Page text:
Northern Ireland news

Jamie Bryson asked to hand over seized Kingsmill massacre files to coroner

Loyalist Jamie Bryson at an earlier sitting of Belfast High Court. Picture by Mal McCann
David Young, Press Association

LOYALIST blogger Jamie Bryson has been asked by a coroner investigating the Kingsmill massacre to hand over files that he claims police have unlawfully seized.

The Coroners' Service has written to Mr Bryson days before he is due in Belfast High Court for a case challenging whether officers investigating an alleged door staff licensing breach had the right to take unrelated documents he contends are covered by journalistic privilege.

Mr Bryson (29), a blogger and commentator who edits the Unionist Voice website, is a temporary freelance member of the National Union of Journalists. He has used the website to publish articles about the Kingsmill murders.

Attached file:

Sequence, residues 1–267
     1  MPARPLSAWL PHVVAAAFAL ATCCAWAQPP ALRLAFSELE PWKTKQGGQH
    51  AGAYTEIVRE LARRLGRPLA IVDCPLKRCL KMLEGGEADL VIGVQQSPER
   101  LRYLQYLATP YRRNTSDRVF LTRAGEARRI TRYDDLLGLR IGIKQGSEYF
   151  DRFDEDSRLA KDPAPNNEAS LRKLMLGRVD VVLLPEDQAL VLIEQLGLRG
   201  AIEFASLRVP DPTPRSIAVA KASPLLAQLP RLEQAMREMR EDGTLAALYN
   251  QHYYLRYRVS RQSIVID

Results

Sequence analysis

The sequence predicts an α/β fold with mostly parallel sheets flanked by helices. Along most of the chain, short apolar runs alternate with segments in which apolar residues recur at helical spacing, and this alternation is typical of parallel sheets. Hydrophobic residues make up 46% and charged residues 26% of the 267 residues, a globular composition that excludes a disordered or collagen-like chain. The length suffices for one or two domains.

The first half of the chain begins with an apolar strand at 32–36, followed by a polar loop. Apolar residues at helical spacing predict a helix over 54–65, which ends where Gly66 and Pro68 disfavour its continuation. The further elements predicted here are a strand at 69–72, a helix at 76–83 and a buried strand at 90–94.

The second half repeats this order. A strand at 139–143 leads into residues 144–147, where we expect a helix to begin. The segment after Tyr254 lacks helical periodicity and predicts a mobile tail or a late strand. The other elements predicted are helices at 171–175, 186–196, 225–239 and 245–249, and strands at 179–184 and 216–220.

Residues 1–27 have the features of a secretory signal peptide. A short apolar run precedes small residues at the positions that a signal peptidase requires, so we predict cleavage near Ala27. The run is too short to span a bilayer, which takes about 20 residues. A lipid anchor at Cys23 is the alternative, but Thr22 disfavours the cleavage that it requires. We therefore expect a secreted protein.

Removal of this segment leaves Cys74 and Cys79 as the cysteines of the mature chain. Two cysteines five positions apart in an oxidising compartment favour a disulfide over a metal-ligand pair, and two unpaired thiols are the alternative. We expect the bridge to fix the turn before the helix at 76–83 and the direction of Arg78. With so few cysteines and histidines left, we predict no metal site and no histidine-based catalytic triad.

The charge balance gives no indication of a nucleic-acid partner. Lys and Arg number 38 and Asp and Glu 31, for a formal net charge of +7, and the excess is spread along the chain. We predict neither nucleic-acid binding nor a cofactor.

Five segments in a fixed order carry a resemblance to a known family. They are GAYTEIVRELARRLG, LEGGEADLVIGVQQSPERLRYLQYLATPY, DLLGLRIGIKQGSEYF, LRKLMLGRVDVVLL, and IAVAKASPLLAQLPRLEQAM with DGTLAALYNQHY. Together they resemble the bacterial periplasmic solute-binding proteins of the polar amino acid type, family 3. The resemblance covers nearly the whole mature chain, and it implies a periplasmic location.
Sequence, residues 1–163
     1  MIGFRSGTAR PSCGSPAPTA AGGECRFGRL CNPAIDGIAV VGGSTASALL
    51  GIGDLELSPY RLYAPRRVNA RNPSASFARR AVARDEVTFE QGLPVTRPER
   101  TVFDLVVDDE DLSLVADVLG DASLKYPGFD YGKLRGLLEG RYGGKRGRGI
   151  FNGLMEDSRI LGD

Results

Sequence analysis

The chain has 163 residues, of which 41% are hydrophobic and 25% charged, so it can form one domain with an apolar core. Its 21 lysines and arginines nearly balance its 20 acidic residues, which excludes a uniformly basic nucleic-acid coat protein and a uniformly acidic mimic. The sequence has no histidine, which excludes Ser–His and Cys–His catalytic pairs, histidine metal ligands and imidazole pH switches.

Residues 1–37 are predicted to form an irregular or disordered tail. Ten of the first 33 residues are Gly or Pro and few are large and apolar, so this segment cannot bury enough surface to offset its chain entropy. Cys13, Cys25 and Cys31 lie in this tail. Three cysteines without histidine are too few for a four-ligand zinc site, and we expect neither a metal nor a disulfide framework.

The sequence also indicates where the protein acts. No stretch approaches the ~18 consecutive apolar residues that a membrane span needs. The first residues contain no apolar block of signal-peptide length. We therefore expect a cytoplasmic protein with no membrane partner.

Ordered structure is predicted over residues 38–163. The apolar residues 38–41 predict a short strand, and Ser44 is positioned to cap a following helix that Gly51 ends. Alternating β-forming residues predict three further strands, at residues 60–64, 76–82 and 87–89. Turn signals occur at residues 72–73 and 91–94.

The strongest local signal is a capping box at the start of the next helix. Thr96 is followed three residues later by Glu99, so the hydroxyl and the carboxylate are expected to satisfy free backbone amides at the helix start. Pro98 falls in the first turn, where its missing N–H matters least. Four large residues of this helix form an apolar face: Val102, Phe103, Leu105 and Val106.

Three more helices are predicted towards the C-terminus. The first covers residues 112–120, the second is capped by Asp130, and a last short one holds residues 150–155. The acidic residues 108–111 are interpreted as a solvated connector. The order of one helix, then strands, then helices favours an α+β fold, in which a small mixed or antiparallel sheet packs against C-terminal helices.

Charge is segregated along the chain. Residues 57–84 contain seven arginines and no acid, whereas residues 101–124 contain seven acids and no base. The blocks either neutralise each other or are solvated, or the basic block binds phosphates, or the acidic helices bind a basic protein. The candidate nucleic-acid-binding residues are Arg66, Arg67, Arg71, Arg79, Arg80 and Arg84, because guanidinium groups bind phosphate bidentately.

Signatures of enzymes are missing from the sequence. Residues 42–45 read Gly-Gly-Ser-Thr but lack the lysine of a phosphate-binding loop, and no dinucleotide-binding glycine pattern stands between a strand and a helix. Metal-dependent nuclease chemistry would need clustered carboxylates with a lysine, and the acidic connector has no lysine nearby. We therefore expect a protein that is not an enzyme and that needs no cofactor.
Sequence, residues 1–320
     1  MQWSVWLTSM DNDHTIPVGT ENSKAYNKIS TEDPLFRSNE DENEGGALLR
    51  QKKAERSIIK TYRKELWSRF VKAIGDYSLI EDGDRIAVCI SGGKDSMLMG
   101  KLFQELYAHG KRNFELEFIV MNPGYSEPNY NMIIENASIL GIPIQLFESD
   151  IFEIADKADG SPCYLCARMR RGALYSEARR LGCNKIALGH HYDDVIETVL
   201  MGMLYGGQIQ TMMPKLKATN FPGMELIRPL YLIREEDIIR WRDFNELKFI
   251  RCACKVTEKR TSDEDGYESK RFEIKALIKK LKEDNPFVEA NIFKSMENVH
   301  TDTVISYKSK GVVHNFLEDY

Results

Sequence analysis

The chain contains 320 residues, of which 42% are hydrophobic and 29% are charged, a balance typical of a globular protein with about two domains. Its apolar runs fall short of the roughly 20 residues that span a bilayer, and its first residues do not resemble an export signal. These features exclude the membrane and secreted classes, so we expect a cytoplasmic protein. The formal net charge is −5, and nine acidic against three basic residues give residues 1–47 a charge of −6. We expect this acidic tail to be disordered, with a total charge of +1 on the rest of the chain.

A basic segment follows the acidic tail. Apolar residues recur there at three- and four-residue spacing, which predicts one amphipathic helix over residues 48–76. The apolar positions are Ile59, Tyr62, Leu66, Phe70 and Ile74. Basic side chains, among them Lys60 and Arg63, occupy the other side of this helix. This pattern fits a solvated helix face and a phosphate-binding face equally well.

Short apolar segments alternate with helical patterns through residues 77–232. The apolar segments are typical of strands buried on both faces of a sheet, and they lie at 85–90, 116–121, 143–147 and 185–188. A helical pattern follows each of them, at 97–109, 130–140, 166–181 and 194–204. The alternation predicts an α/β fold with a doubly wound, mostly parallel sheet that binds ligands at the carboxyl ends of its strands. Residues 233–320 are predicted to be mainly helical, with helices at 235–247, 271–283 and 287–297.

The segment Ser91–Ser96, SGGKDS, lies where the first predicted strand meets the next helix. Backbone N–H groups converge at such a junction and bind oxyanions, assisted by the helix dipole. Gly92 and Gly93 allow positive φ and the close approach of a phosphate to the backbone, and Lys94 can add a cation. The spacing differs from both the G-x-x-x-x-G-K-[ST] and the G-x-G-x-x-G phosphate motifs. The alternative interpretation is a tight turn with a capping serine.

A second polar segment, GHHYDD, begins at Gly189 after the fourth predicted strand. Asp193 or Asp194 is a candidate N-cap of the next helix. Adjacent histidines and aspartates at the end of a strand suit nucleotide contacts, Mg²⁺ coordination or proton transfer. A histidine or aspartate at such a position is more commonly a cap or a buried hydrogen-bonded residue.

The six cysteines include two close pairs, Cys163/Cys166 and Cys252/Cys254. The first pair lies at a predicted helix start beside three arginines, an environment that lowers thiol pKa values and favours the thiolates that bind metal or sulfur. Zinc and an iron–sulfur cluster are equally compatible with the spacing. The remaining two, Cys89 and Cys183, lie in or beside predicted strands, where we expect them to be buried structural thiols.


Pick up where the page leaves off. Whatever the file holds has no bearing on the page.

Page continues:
The coroner's request for sight of Mr Bryson's source material – documents he says were taken by police – comes amid an ongoing inquest into the killing of 10 Protestant workmen by the IRA in January 1976.

10 Protestant workmen were shot dead by the IRA at Kingsmills, Co Armagh, in January 1976. Picture by Alan Lewis, Photopress

In the judicial review hearing on Wednesday, Mr Bryson will seek to challenge the legality of the warrant used by the PSNI to seize the material.

Jake O'Kane: Jamie Bryson fulfils an essential function via The Nolan Show

The PSNI was executing the warrant on behalf of the Security Industry Authority – the statutory organisation responsible for regulating the private security industry in the UK.

Mr Bryson was arrested during August's raid and later released without charge. The investigation into an alleged offence of unlawfully supplying door staff continues. He denies any wrongdoing.

Mr Bryson said he wanted to help the Kingsmill families but expressed concern at the request for his papers.

"If I were to provide this documentation to the coroner then it would no longer be material held for the purposes of journalism and (the) PSNI could then retain material which they should never have in the first place as I would have waived journalistic privilege by providing material held in confidence to a third party," he said.

Read more:

Relatives of Kingsmill massacre victims urge killers to face up to repercussions of their actions

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